Turkish filmmaker Nuri Bilge Ceylan is a master of pinpointing the tiny details of human experience on grand, sweeping canvases. This film runs with the same conversation-heavy approach as his last one, ‘Winter Sleep’. His piercing interest in flawed men also continues with this prodigal-son story, which leans into the promise and arrogance of youth. Aspiring novelist Sinan (Doğu Demirkol) is a whirlwind of frustration and idealism. He returns home from university with an unpublished book and a sackful of Angry Young Man hang-ups. He’s ashamed of his dad, Idris (Murat Cemcir, a shaggy, likeable presence), a schoolteacher with grand plans and a gambling habit, while his attitude to his mum and sister is dismissive.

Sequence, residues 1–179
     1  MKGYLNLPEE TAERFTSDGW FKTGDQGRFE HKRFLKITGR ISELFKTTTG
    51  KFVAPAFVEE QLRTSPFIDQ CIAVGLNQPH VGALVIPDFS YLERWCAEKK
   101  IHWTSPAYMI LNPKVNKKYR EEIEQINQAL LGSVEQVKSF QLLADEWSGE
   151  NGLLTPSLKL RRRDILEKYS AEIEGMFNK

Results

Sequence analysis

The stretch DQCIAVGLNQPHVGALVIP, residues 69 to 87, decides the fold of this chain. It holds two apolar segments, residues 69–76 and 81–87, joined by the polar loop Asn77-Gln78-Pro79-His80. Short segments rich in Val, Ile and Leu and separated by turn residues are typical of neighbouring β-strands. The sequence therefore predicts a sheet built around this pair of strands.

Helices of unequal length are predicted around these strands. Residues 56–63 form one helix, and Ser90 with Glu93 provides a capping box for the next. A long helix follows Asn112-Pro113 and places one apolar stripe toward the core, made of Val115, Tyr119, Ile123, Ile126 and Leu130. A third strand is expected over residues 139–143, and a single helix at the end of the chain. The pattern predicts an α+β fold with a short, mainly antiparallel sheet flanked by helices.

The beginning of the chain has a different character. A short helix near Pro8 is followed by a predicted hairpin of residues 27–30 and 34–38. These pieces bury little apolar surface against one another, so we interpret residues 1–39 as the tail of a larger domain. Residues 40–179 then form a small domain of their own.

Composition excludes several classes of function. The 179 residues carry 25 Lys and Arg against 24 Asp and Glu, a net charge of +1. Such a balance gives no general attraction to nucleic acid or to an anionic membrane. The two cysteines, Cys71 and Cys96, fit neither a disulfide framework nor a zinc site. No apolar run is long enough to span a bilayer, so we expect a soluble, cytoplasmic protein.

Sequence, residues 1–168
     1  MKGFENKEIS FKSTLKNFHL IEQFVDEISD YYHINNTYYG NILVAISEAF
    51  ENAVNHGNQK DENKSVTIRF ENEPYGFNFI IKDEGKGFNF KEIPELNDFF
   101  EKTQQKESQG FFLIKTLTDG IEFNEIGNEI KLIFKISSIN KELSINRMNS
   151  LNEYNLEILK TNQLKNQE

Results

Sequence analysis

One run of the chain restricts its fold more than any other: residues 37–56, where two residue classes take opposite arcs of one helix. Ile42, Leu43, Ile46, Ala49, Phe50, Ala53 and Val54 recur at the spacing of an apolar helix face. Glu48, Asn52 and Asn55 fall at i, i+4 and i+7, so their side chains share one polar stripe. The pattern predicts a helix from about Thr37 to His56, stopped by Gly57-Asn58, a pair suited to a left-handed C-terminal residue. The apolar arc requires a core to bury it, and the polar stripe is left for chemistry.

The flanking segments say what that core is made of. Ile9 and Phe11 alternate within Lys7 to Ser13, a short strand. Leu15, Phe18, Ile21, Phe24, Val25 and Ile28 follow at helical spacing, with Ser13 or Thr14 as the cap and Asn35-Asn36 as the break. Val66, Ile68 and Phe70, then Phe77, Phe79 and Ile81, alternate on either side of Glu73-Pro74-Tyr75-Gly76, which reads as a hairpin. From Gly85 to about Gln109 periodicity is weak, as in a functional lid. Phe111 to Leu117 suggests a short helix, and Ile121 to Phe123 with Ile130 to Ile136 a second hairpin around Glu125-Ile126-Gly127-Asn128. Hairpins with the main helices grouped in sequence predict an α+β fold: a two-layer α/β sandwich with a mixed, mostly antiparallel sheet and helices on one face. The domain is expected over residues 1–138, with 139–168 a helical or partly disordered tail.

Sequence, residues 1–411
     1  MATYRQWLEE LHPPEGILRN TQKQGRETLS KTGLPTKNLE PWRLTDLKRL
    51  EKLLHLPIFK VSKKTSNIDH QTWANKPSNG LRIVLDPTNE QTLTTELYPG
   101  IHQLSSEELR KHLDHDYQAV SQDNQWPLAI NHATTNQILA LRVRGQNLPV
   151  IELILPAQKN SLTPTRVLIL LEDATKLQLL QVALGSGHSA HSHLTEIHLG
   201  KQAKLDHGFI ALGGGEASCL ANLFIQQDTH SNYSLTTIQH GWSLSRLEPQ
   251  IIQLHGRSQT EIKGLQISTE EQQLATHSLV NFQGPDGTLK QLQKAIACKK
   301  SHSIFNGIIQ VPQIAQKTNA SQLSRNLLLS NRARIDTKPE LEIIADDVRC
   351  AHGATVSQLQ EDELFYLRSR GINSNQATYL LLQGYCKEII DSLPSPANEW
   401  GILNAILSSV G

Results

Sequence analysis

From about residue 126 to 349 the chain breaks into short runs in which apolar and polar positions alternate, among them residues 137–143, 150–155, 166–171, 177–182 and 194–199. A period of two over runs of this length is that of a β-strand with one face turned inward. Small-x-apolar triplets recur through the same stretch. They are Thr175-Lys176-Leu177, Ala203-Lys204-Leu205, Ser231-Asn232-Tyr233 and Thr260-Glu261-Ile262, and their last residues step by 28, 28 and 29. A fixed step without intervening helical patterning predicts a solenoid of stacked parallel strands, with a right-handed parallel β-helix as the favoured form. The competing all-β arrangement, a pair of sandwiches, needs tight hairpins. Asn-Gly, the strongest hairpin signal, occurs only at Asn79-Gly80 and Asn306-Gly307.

Sinan thinks the world owes him a favour, and the film is a series of conversations this contradictory character has in his rural hometown. Encounters include an old flame, two imams, a writer and a merchant who he hopes might fund his literary ambitions. But if ‘The Wild Pear Tree’ is a talky experience, it rewards commitment as it tackles big questions about ambition, disappointment and whether we’re ever truly able to escape our parents’ inheritance – or whether it’s even wise to want to. There’s less visual poetry here than in Ceylan’s early films but his photographer’s eye is still present, and there are moments of magic and mischief among the flow of existential inquiry.